What is leadership and how is it displayed? It is said that leadership can take on many forms and while I agree with that statement, it begs the question: How does one quantify it? If asked whether or not one has what it takes to be a great leader, how would one respond? And what evidence would one use to exemplify it? As society’s next generation of leaders, we are called upon to answer these questions. My experiences as a Resident Assistant, and leader of a student organization, have led me to my own answer to these questions. While it is true that there are many ways to display leadership, leadership is not solely quantified by how it has impacted you, but by how it has impacted the community. Leadership is not about a title, but rather the impact and influence one has in the community. Thus, one of the best examples of leadership within a community can be found in team based role-playing games. Games such as Dungeons and Dragons, League of Legends, and Smite, all require their players to form a team with unique roles in pursuit of a common objective. Just as leadership is defined by one’s impact on the community, so too is a player’s leadership in their impact on the team. In an effort to assist thirteen individuals with discovering their own form of leadership in games, I have created a BuzzFeed Quiz which pairs the players with their ideal role in team-based games.

While there are various roles a player can take on a team, the quiz focuses on the four core roles. The Tank, the strong-hearted defender of the team. The Support, the tactical backbone of the team. The Aggressor, the strong-willed sword of the team. And the Ranged Fighter, the sharp-eyed spear of the team. Each of these roles are significantly important. The Aggressor and Tank are the team’s sword and shield. Their duty as the vanguard is to lead the team down the path that advances their goal. The Support and Ranged Fighter, on the other hand, act as the team’s eyes and ears. Observant and strategic, their duty as the rearguard is to support and lead the team towards the correct path.

Of the thirteen individuals that were surveyed, almost half of them were given the Support role, and all participants agreed with their designation. As leaders, this could suggest that these six individuals utilize a leadership style that focuses on supporting others. Moreover, it suggests that these individuals may be empathetic and possess the ability to accurately understand what others need. Interestingly, five of these six individuals have career aspirations that involve a service for others such as, psychologist, doctor and attorney. The second most popular role was the Ranged Fighter. A role whose leadership style suggests a more tactful and indirect approach to achieving an objective. One individual who was given the Aggressor role said, “I do not know why I got aggressor…probably because I believe Dishonored isn’t a stealth game.” Being given the Aggressor role, suggest that these individuals utilize a leadership style that focuses on pushing towards greater heights. For example, those individuals who were given this designation have career aspirations such as a paper engineer and an entrepreneur. A surprising result of this quiz, however, was that not a single person received the Tank designation.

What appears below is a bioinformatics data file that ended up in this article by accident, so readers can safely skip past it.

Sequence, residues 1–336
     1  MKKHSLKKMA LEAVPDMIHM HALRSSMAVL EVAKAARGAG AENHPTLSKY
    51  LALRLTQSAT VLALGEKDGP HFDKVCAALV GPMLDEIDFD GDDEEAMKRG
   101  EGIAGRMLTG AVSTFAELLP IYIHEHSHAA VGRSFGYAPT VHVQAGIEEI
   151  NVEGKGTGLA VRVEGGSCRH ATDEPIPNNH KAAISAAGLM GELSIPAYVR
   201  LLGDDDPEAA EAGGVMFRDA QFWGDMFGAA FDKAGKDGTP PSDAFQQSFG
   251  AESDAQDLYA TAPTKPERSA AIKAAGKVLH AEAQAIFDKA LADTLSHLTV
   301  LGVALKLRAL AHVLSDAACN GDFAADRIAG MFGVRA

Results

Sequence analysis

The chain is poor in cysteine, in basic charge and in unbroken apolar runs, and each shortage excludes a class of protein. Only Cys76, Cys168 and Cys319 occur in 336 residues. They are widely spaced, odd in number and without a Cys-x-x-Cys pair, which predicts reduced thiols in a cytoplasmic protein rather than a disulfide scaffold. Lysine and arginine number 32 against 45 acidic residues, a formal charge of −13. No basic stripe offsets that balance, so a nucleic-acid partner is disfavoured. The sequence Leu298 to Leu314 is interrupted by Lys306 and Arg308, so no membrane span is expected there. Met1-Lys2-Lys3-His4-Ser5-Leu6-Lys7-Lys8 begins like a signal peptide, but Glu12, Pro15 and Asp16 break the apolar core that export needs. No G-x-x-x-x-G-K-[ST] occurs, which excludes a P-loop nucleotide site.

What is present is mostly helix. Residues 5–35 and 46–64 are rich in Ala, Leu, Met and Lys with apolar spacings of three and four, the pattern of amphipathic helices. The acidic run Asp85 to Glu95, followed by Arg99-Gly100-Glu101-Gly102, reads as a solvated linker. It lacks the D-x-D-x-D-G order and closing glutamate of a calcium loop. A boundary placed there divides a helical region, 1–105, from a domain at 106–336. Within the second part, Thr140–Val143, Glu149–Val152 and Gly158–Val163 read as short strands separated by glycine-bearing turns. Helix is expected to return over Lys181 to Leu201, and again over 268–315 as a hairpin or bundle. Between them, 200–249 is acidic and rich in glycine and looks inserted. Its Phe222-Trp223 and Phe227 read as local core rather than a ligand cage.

How do our leadership skills set us apart from our peers? If asked whether or not one has what it takes to be a great leader, how would one respond? And what evidence would one use to exemplify it? Leadership goes beyond a title or an authority figure. Leadership is determined by the impact an individual creates. Accordingly, a community is filled with various styles of leaders. Likewise, each of the four roles have a specific strength that they provide, and if a single one was missing, it would lead to the failure of the team. Fittingly, the BuzzFeed quiz is relevant beyond gaming, as it can assist in determining one’s leadership style in society.

Representation in Games

We are fortunate to live in an incredibly diverse world with opportunities for people of various faiths, creeds, and orientations to interact and learn from each other. As technology has progressed, so too has our ability to flourish and interact with society’s treasure trove. Nevertheless, considering the wide-spread appreciation of games, it is shocking to see the lack of representation, or even the advancement of stereotypes in them. While it is true that in recent years we have witnessed progress in efforts of inclusion, there is still an overwhelming proportion of games whose protagonist fit the basic mold of the white, cis-gendered, heterosexual male. Moreover, when we find characters who do not fit this mold, they fall into the trap of tokenism, and leave a meaningless experience with them. If not, reinforce the stereotype altogether. For example, it is no coincidence that Muslims, particularly Arabs, are routinely depicted as the enemy, members of the LGBTQ+ are routinely depicted sexual deviants, and African Americans are routinely depicted as either athletes or gangsters. Games act as an extension of society’s understanding of one another. Hence, representation has an importance beyond simple cosmetics, as it delves into the psyche and mindset of the player. To obtain a better understanding of the concept of representation, I interviewed 10 people from various and differing social identities.